Well, tomorrow’s the Big Day. I go into the hospital with all my original parts, and come out in a few days with some new ones. And the question that’s weighing on my mind today is: (drumroll, please) What do they do with the old parts?
I mean, can I have the head of my own femur to use as a paperweight or something? It’s my femur, right? I brought it to the hospital with me, so I should be allowed to take it home, albeit in a hazmat bag.
I have lots of plans for this bone. I could put it in a shadowbox and create a little bone-fragment diorama. I could make it into some amazing Goth jewelry. I could polish it up and turn it into a family heirloom, so that generations yet unborn can have an actual bit of great-great-great-grandma to lose when they move to the moon.
Lest you think this is macabre, let me remind you that the habit of hanging onto bits of people is a time-honored practice. In fact, it’s one that has fascinated, amused, and horrified me all at the same time, ever since I learned about reliquaries and what they contain. Practitioners of many religions, Christianity and Buddhism among them, have long treasured bits of people, often encasing these bits in ornate, portable containers called reliquaries. While I would never dream of putting myself in the “saint” category (and people would be lining up to remove me from it in any case,) I think the reliquary idea could be a winner.
As early as the first century, AD, Christians started squabbling over the bodies of the Apostles. Italians stole (yes, you read that correctly) the body of St. Mark from Alexandria, so they could rebury him in the basilica San Marcos in Venice. (Recently the Venetians sent Egypt a finger bone as a token of good will, which adds a new and disturbing meaning to “giving the finger.”) A thousand or so years later, residents of Canterbury were dipping bits of Thomas Becket’s robes in his own warm blood for their reliquary value, and he wasn’t even a saint yet, having been dead for about five minutes. Few other saints got to rest in peace, as their bones were divvied up by opportunists and shipped to various churches. In fact, there have been so many of these dispersions that, at last count, St. Theresa of Avila must have had 47 ribs and 153 teeth. Buddha also scattered teeth all over Asia. Several saints had up to nine arms each, and in the late Middle Ages, there were enough shards of the True Cross around to build a large hut.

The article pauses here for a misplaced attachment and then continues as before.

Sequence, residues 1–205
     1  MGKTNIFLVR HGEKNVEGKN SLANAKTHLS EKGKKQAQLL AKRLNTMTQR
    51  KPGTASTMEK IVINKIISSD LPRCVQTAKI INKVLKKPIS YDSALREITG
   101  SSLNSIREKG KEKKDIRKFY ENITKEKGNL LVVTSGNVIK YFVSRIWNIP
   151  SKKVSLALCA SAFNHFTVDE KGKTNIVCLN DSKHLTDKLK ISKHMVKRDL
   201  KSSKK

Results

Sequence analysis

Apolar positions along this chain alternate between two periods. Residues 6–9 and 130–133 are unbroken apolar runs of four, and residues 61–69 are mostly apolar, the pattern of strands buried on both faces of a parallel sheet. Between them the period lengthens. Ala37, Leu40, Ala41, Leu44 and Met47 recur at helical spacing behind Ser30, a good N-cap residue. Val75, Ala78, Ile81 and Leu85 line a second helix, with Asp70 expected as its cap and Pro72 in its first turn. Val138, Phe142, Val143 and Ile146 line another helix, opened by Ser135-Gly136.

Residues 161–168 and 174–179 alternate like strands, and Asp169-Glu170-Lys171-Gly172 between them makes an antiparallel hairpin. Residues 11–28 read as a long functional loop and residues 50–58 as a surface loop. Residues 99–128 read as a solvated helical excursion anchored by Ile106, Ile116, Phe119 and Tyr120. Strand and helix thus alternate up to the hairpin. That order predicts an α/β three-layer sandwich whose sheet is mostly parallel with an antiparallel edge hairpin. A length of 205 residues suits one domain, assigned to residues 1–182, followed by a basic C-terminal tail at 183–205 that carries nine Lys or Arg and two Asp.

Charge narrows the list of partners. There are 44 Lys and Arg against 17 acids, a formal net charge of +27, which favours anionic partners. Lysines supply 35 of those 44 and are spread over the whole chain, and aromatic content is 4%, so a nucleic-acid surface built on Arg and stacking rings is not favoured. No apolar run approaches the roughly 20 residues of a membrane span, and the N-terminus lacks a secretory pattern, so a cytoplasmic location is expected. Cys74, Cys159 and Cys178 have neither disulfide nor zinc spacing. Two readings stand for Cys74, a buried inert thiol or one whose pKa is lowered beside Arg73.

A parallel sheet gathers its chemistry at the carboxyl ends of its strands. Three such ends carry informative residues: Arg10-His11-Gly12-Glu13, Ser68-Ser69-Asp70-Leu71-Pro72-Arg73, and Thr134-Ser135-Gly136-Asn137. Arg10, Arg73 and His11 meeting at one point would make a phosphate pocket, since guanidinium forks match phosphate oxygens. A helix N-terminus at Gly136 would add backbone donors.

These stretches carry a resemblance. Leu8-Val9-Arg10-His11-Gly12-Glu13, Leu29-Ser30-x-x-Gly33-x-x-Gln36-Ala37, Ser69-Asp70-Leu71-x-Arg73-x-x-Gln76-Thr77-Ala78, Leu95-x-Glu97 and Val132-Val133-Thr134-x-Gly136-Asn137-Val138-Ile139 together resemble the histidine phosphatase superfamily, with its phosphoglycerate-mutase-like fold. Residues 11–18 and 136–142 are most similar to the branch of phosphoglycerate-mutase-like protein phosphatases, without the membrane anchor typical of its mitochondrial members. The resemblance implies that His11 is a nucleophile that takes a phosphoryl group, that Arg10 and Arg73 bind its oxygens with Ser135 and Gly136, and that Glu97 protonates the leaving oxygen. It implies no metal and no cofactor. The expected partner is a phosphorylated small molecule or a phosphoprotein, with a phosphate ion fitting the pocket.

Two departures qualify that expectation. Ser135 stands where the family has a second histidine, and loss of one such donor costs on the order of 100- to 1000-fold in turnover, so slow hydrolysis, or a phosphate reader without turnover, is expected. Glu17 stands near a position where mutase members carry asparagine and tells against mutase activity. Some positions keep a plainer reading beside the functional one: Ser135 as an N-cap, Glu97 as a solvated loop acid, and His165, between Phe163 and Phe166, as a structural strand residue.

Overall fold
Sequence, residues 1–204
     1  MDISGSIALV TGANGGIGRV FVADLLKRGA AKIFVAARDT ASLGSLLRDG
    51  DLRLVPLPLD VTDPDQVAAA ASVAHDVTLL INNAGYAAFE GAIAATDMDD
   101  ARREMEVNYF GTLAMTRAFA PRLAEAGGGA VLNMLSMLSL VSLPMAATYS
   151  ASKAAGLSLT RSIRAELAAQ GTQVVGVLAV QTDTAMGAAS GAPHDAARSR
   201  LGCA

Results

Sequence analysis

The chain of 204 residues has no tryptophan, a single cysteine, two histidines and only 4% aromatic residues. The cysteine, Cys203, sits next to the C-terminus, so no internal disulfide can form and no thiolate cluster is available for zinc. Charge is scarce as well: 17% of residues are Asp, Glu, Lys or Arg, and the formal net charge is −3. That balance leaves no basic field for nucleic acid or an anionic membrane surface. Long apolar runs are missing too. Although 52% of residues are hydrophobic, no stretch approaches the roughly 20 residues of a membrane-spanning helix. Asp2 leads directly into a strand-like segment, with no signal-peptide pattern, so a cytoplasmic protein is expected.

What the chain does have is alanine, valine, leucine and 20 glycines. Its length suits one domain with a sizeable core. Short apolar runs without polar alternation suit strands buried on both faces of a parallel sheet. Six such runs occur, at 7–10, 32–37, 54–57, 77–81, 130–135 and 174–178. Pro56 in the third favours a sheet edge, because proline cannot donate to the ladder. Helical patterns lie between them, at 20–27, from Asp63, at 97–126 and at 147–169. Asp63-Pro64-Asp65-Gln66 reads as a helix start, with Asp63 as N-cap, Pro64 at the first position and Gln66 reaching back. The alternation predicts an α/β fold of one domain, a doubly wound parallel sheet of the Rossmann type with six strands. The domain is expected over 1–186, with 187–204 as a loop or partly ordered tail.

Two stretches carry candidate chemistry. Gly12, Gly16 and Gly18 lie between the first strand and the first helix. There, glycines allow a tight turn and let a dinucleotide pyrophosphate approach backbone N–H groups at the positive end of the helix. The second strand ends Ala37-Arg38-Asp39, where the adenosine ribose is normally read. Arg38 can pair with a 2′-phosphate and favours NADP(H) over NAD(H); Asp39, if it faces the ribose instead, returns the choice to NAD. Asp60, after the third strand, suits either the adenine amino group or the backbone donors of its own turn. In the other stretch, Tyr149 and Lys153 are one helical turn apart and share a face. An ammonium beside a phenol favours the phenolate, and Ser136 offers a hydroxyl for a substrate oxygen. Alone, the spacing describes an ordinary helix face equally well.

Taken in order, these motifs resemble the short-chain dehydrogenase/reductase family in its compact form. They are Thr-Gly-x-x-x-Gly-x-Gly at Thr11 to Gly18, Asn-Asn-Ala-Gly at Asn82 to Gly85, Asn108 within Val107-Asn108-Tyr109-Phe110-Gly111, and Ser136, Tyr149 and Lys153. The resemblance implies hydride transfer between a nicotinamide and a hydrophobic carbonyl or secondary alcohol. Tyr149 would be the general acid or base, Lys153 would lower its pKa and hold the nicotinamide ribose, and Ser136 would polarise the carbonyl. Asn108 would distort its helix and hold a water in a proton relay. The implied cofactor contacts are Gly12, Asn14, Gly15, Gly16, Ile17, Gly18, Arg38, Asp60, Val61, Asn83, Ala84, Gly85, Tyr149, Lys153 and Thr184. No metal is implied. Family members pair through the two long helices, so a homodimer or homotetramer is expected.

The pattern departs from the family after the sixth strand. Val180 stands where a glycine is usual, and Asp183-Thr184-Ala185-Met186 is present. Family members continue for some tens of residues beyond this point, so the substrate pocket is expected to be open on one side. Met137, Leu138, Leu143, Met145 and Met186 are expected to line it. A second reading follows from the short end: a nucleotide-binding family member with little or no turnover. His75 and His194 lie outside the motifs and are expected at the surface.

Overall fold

The unreliable provenance of these relics, not to mention the un-biblical veneration they got, was one of Martin Luther’s triggers for the Reformation. People’s credulous acceptance of, say, St. Peter’s tibia, or bits of St. Andrew’s skull really got on his nerves, particularly since most of the apostles were martyred by people not likely to hang on to a bit for the possible resale value. Some of them were buried in about five graves. Luther also cast reasonable doubt on the Genuine Burning Bush Branches, the fibers from Mary’s veil, and the nightmarish collection of foreskins. One of the more unstable French kings paid nearly half his kingdom for the purportedly original Crown of Thorns, somehow intact after nearly 13 centuries.
Saints and martyrs are not the only people to spread relics around. Several specimens of European royalty had bits of themselves interred in various locations, perhaps as a way of reminding the populace that the king was still with them. Communists, for reasons best explored by psychologists and from a long way off, like to keep whole leaders under glass. Lenin and Mao have been on display for decades, and there is an entire profession of people making sure that they stay presentable, which is something to think about the next time you decide you hate your job.
Anyway, all I want is my own relic, which I promise to treat in a tasteful manner, like some of these. Further bulletins as events warrant.